Going completely across the border and off-topic, I was suddenly struck by how the Citroen 2CV's suspension is rather like HVSS in concept, even if it uses coil springs and not volute. Anyone else notice "tank suspension" in surprising places?
 
Going completely across the border and off-topic, I was suddenly struck by how the Citroen 2CV's suspension is rather like HVSS in concept, even if it uses coil springs and not volute. Anyone else notice "tank suspension" in surprising places?
torsion bar suspension in the delorean door mechanism
 
Since leaf springs worked for the Panzer Mk IV thru the end of the war, stick with that.
Panzer Mk IV had a torsion bar suspension.

Perhaps you were thinking of the Panzer Mk II, in which models A through C and F had spring suspensions, models D and E had torsion bars.
 

Garrison

Donor
So here is a sort of quick reference to the alt tanks from the Munich Shuffle TL and as you can probably tell the top two are my cut and paste efforts and the bottom pair are the rather more elegant efforts of @cortz#9 :
Crib sheet.jpg

Now in addition to the above the British are planning to introduce the 6pdr gun on the Crusader and Valentine ASAP, with the first examples turning up in North Africa sometime in 1941. The Germans are likewise upgunning the Pz III and Pz IV and planning the alt Tiger. The Tiger special isn't on the cards at the same time these models are being proposed/designed. hence its not included above (and putting 5 tanks on one image wasn't symmetrical:)).

So overall the question is what impact will these alternates have elsewhere? The British will of course share some of their plans with the Americans and while they don't know what the Germans are doing they are correctly assuming the Germans will be doing much the same thing. How might this affect development of tanks like the Lee/Grant? How will the Red Army respond to better protected and armed German tanks?
 
Honestly, unless the proposed tank is going to mass more than 50 tons, leaf springs should still be totally viable and reliable. I imagine there's a lot you can do with the swingarm geometry to improve the ride quality of your suspension without needing a totally different suspension paradigm.

Correct me if I'm wrong, but doesn't torsion bar suspension require some pretty high quality standards to be reliable? This isn't a knock against it, I'm thinking of what Italy's position in 1940 is and if the quality control on its vehicle metallurgy is there. Should be easier to test/maintain quality on smaller spring leaves than longer torsion bars is where my mind is at. "Oh, one of the leaves snapped, we can still move" is a very different proposition to "Oh, the torsion bar's snapped, that wheel's effectively dead and we risk throwing a track."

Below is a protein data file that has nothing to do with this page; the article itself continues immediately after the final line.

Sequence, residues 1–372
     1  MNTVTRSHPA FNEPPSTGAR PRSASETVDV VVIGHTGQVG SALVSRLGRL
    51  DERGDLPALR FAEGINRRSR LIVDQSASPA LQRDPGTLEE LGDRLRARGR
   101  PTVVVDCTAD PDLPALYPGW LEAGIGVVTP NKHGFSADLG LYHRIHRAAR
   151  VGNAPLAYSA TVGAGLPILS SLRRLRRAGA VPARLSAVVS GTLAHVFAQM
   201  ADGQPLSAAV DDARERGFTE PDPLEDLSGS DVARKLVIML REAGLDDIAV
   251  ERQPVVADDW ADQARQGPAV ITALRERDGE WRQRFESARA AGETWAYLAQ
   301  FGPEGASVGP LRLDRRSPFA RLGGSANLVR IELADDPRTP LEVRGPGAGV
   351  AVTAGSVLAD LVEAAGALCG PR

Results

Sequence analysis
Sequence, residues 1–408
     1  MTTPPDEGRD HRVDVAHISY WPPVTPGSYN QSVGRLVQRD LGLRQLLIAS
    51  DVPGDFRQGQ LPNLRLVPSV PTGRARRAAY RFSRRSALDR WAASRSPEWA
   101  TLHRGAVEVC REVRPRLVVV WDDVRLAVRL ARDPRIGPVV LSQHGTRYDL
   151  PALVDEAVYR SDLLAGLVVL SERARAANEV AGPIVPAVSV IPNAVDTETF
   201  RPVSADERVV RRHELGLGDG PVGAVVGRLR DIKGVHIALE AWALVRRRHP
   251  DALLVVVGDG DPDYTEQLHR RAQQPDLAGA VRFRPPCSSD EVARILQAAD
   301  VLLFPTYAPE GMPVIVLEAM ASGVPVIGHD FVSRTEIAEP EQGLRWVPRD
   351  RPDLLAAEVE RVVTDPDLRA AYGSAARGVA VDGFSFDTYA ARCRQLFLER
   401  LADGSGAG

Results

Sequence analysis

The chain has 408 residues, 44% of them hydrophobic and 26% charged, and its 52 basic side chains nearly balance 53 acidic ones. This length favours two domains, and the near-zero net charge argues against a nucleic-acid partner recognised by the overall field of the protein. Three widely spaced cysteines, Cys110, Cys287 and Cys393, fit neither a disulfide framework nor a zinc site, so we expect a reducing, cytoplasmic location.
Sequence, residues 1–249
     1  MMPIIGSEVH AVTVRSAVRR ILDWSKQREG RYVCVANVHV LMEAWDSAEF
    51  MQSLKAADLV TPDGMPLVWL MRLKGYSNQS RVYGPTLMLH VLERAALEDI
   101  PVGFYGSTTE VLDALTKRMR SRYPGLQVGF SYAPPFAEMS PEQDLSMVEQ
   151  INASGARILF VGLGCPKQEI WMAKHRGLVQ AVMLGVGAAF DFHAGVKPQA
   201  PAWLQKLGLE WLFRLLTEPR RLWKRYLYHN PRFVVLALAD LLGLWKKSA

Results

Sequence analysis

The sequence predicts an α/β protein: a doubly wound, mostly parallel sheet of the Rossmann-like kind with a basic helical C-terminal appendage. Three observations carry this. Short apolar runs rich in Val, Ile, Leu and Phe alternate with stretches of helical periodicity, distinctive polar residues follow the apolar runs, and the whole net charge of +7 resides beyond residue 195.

Going completely across the border and off-topic, I was suddenly struck by how the Citroen 2CV's suspension is rather like HVSS in concept, even if it uses coil springs and not volute. Anyone else notice "tank suspension" in surprising places?
Considering that Rheinmetall Borsig's design bureau went as far as designing a version of Aleksei Surin's leaf spring suspension (used on Pz 38(t) and other CKD products) for Panther and Tiger II (sic!), there is pretty much no realistic weight limit in the end. Too bad there's no info on the travel it would allow.
Tiger II.jpg

Note that the wheels are interleaved without overlapping so they still improve weight distribution without making wheel removal more complicated.

I certainly believe one could improve leaf spring suspensions over the types usually used in WW2, since most countries ceased development on them early in the war in favor of of other types and the leaf spring layouts that remained weren't exactly progressive compared to what one could do with them.

I don't know exactly what we could improve on for the springs and accessories themselves, but I think one could easily improve on the layout used by Italy at least.
You could use less, but bigger wheels and only 2 per bogie instead of the 4 small wheels on two bogies connected to one bogie as done by the Italians (dates back to the Vickers 6-ton they evolved from). Bigger wheels would address wheel rim wear at high speeds and would cross higher obstacles, and using less wheels per bogie would allow greater flexibility in the placement of the wheels (spacing) and allow greater maximum travel. I'd say that upscaled suspension for Tiger II fits the bill quite well.